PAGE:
In the UK, the story of the Rochdale grooming gangs is now a TV show

posted at 1:01 pm on May 17, 2017 by John Sexton

Ten years ago gangs of ruthless Pakistani men abused hundreds of young girls in towns in northern England. These girls, some barely teenagers at the time, were raped and then pimped out by the gangs while police and local authorities turned a blind eye to what was happening. The story of these young victims has now become a three-night BBC TV special titled Three Girls which premiered this week. Here’s a review of the show from the Guardian:

It doesn’t matter how well you remember and are familiar with the scandal, it is impossible not to splutter with rage at the extent to which these girls were let down – by the authorities for a start, and by the council, by social services, by the CPS, and a criminal justice system that doesn’t believe a particular kind of person. In other words, they were let down by everyone who should have been helping to protect them. Only sexual health worker Sara Rowbotham (played by Maxine Peake) comes out well in this first instalment. She sees what is going on, records it and reports it, despite the reluctance, ignorance, blindness and fear of everyone else.

Because the show is airing this week the media has published a number of articles looking back at the incident including at Sara Rowbotham, the woman who demanded police investigate the crimes she was uncovering. From the Telegraph:

From 2003-2014, Rowbotham worked as Rochdale’s crisis intervention team coordinator, in a specialist service aiming to prevent the sexual exploitation of young people…

During her tenure, she began to suspect that girls in the area were facing systematic sexual abuse from a group of older Asian men. From 2004 onwards, Rowbotham made more than 100 referrals to the police and social services, but the girls too often found themselves dismissed as unreliable witnesses.

Eventually, thanks to her persistence, nine members of a gang were convicted in 2012. But the process took a toll on Rowbotham. She drank too much, couldn’t sleep and “has since been diagnosed with depression and post-traumatic stress disorder.”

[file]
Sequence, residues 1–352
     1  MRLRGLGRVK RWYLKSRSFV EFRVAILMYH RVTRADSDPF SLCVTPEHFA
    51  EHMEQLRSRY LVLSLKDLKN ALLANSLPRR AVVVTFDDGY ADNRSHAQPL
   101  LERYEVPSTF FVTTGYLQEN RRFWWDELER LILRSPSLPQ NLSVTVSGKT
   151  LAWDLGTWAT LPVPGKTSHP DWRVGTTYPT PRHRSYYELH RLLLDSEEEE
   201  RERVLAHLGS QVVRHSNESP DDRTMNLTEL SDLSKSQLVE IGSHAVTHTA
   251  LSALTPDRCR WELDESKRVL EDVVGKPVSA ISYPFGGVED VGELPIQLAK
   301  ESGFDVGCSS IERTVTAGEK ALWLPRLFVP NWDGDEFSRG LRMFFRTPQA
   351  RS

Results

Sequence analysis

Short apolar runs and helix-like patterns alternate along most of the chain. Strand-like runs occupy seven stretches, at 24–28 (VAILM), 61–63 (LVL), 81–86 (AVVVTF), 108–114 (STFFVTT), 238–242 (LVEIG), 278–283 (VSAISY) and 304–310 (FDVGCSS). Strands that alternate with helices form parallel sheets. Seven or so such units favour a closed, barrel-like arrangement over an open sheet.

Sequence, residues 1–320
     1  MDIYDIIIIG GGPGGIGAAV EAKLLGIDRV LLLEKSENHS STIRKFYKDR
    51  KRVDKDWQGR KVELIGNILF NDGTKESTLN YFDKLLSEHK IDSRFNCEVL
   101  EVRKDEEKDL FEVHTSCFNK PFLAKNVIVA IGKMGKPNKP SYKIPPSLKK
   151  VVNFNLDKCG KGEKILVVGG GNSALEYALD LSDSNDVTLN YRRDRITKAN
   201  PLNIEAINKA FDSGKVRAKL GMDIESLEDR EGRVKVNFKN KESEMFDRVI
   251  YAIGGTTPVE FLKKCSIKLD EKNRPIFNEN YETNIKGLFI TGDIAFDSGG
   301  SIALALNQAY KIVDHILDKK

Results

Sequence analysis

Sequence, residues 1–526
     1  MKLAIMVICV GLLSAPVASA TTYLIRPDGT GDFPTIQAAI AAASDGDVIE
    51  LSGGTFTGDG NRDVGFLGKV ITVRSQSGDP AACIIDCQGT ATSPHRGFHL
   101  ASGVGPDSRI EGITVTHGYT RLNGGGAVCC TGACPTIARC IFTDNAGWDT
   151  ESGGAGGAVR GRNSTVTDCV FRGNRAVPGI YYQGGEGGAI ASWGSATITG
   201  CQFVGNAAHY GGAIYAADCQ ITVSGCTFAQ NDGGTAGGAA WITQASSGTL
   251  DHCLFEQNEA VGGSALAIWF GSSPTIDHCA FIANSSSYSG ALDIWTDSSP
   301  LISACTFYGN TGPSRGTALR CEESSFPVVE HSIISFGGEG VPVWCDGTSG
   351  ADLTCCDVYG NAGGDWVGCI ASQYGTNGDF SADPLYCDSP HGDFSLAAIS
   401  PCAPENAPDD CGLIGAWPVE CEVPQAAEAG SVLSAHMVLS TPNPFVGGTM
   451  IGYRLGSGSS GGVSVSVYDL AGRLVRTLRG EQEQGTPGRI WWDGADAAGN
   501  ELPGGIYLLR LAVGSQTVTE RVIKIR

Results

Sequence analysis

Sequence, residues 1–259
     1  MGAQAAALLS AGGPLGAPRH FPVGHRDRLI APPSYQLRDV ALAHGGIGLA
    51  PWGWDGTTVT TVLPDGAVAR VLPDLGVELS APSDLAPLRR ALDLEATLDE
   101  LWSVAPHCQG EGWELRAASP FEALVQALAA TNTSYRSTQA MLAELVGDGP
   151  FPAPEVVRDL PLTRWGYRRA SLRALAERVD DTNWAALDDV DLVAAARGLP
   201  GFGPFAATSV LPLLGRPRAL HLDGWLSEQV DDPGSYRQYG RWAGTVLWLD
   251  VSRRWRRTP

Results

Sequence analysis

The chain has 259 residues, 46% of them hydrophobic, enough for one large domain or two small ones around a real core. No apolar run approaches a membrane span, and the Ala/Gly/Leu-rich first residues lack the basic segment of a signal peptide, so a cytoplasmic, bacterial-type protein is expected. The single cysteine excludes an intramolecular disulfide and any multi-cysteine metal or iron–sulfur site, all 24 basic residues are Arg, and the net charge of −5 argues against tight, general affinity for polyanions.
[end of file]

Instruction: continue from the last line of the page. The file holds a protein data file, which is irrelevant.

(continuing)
Why was it so difficult to get authorities to take these crimes seriously? The answer to that question comes from a piece in the Independent titled “I wrote the first ever piece about the grooming gang scandal in northern English towns in 2006 – but the media didn’t want to know.”

Reading the publicity on the three-part TV drama, Three Girls, based on the true story of the teenage victims of organised child abusers in Rochdale, I am reminded not just of the bravery and tenacity of those involved in exposing the levels of organised child abuse in the UK, but also of the cowards and the deniers who for so long refused to accept the harm being done to children by violent exploiters…

Despite the quality of material I had amassed, it took me until 2007 to get my first piece published because some editors feared an accusation of racism. In this particular geographical area, many of the members of grooming gangs were of Pakistani origin…

The police and social services appeared to be scared of intervening in these particular grooming gangs, because a large number of the men involved were of Pakistani Muslim origin. The professionals who were turning a blind eye did not want to be labelled as racist…

The situation in Rochdale was not unique. There was a similar gang problem in the nearby northern town of Rotherham. In 2014, an independent inquiry determined as many as 1,400 girls had been abused by gangs of Pakistani men over a span of 16 years. The report noted that authorities failed to address the problem for a number of reasons including the fear of being labeled racist.

Of course, it wasn’t racist to recognize that these criminal gangs in this area of London were almost exclusively Pakistani, it was just a fact. But the fear of being labeled a racist, what we might call political correctness, had serious consequences for hundreds of abused girls.


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